PRAIRIE DU SAC – Nearly 15 years after state and federal biologists first used bass and walleye to deliver endangered freshwater mussels to their new home on the Wisconsin River, biologists from the Wisconsin Department of Natural Resources and other state and federal agencies have returned to find good news.
The biologists’ diving surveys earlier this summer revealed the federally endangered Higgins’ eye mussels are surviving, growing and in good condition at the site. And, they have not succumbed to invasive zebra mussels once feared to threaten their existence.
Zebra mussels are regarded as the most severe threat to native mussels already suffering declines due to pollution, habitat loss, overharvest and other factors. Zebra mussels can outcompete native mussels for food and attach to their shells in such great numbers they essentially smother the natives.
“It’s great to know we can propagate and restore our native mussels and that we can overcome the impacts of zebra mussels at this site,” DNR Conservation Biologist Lisie Kitchel said.
Kitchel serves on the multi-state, multi-agency project to jump start Higgins’ eye populations. The project’s mussel work at Prairie du Sac in Sauk County and downstream in Richland County stems from a partnership involving several federal and state agencies, academics and citizens to assure a species once common and widespread in the Upper Mississippi River doesn’t vanish.
Freshwater mussels are an important part of aquatic ecosystems. The mussels help filter water to keep it clean, provide food for fish and wildlife, stabilize the riverbed and provide valuable habitat for many creatures that inhabit streams.
The partners decided to reintroduce Higgins’ eye mussels to 10 sites in Wisconsin, Minnesota, Iowa and Illinois with a goal of achieving self-sustaining populations in at least five of the sites. In Wisconsin, two sites on the Lower Wisconsin Riverway were selected, below the Prairie du Sac dam in Sauk County and in Richland County at the Orion Mussel Bed State Natural Area, recognized as one of 14 Essential Habitat Areas for Higgins’ eye.
Higgins’ eye mussels were propagated at the Genoa National Fish Hatchery and larval mussels, called glochidia, were placed in tanks with largemouth and smallmouth bass and walleye. In the wild, these fish species serve as hosts to mussels’ larval stage. Stocking trucks carrying the fish were backed up to the river and the fish were released into the water. The glochidia later dropped off the fish and settled into the river bed. In addition to the stocking, two- to three-year-old Higgins’ eye raised in cages in the Mississippi River and transported to the Wisconsin sites were hand-placed by divers onto the river bed.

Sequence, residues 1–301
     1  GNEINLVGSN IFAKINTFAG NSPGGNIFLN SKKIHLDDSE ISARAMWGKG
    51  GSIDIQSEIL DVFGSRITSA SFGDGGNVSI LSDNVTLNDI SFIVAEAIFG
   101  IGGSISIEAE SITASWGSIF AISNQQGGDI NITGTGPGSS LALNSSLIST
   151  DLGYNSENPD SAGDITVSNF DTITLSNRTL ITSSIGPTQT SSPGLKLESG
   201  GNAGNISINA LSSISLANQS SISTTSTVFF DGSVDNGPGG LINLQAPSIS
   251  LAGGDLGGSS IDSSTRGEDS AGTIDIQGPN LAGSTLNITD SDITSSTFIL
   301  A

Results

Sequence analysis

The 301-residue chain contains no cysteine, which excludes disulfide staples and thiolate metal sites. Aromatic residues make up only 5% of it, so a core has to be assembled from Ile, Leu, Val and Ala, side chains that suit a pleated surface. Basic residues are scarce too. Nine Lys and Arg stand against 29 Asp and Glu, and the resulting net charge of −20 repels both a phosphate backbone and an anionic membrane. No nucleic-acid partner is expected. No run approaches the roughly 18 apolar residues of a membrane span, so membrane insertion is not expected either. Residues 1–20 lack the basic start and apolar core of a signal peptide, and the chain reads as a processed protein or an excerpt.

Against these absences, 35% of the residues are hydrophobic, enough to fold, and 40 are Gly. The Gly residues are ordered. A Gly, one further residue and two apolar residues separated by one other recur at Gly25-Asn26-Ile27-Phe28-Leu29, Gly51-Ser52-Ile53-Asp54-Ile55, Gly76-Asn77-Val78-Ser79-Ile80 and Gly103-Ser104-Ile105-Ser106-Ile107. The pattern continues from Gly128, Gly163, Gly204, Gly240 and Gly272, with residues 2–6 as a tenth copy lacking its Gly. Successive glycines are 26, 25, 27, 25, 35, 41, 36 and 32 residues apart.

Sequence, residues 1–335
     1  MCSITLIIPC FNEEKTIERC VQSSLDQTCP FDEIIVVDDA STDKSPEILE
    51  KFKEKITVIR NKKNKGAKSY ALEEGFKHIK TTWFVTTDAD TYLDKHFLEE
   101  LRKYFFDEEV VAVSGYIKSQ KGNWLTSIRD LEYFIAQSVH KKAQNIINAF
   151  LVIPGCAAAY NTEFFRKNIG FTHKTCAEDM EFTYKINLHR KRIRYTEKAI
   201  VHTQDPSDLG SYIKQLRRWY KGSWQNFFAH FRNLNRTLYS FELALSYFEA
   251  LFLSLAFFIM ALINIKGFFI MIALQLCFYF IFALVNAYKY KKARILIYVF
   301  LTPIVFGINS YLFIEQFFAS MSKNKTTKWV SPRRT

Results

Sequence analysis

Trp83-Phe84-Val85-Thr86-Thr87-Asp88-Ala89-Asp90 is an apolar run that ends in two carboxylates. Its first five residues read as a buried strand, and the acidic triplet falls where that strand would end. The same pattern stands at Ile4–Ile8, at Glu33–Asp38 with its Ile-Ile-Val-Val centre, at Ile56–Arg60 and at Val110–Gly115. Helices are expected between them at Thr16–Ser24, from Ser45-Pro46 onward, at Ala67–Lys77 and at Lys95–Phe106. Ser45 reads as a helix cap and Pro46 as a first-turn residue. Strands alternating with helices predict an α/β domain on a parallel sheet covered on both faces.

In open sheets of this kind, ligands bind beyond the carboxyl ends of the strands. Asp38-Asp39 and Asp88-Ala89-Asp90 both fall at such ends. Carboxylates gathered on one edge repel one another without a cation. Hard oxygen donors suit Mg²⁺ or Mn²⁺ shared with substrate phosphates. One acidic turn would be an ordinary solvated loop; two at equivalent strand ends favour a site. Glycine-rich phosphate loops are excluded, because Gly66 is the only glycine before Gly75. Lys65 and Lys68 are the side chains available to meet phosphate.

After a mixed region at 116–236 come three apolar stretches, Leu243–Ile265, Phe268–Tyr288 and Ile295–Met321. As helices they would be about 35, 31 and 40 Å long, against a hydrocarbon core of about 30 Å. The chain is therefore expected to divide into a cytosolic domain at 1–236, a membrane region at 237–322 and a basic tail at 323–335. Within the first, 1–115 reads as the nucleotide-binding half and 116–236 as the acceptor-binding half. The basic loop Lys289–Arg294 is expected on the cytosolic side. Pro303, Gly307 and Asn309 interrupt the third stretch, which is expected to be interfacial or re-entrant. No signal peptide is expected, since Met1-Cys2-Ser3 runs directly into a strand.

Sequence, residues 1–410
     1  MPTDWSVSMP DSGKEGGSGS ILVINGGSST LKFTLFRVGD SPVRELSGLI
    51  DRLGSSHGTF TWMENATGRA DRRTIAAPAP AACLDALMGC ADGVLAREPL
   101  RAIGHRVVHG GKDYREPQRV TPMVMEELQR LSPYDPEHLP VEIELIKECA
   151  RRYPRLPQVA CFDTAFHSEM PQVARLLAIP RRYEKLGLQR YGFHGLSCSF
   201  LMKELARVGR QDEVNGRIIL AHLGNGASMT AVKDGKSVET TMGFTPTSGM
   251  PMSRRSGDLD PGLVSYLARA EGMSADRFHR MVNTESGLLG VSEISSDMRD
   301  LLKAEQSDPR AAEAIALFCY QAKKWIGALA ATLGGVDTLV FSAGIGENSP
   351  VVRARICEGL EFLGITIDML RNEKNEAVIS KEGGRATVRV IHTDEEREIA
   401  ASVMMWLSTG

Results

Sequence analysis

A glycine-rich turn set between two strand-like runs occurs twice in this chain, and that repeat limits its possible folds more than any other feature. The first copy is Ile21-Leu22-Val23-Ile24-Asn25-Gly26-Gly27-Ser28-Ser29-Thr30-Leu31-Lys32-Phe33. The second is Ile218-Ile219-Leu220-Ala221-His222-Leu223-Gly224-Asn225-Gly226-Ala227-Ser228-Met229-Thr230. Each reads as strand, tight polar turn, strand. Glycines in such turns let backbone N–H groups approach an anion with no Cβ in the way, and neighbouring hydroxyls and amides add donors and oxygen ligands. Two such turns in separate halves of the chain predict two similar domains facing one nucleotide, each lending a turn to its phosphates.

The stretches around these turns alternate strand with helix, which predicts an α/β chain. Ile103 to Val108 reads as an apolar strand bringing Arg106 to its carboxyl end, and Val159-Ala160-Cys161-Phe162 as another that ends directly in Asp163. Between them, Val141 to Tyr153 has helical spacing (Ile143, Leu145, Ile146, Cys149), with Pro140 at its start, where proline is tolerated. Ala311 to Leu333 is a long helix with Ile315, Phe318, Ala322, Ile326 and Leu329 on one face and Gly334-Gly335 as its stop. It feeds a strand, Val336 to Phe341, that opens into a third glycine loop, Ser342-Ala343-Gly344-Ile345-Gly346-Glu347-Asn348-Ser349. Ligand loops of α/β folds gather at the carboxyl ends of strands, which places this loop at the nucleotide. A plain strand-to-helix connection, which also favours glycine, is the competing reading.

Dan Kelner, a St. Paul-based U.S. Army Corps of Engineers biologist leading the mussel project, said the Corps started the Higgins’ eye effort in 2002 to meet federal Endangered Species Act requirements that the Corps’ Mississippi River navigation channel not jeopardize the Higgins’ Eye and other aquatic species.
“One of our main goals was to establish new and protect reproducing populations of Higgins’ eye outside of the main channel areas threatened by the zebra mussels,” Kelner said. “We feel we’re having success here on the Wisconsin (River).”
Data from summer 2016 surveys are still being compiled, but on the Wisconsin River site below the Prairie du Sac Dam, good numbers of Higgins’ eye delivered by hand and by fish have been found.
About one-half of the 51 mussel species in Wisconsin are threatened or endangered, and in North America as a whole, 70 percent of the 300-plus mussel species are extinct or imperiled, U.S. Fish & Wildlife Service says.
The project’s biologists say the mussel project has yielded benefits beyond the Higgins’ eye: lessons learned from their pioneering work is being used in the planning of other endangered mussel work, specifically for reintroducing the winged mapleleaf to Wisconsin rivers.
“It’s been a very fruitful and beneficial team and Wisconsin has been very prominent in the project, particularly in the early years,” Kelner said. In 2014, the Mussel Coordination Team was recognized by the U.S. Fish & Wildlife Service as a “Recovery Champion” for its work with endangered mussels.
Project biologists were from the Wisconsin and Minnesota, DNRs, Genoa Fish Hatchery, U.S. Fish and Wildlife Service and the U.S. Army Corps of Engineers.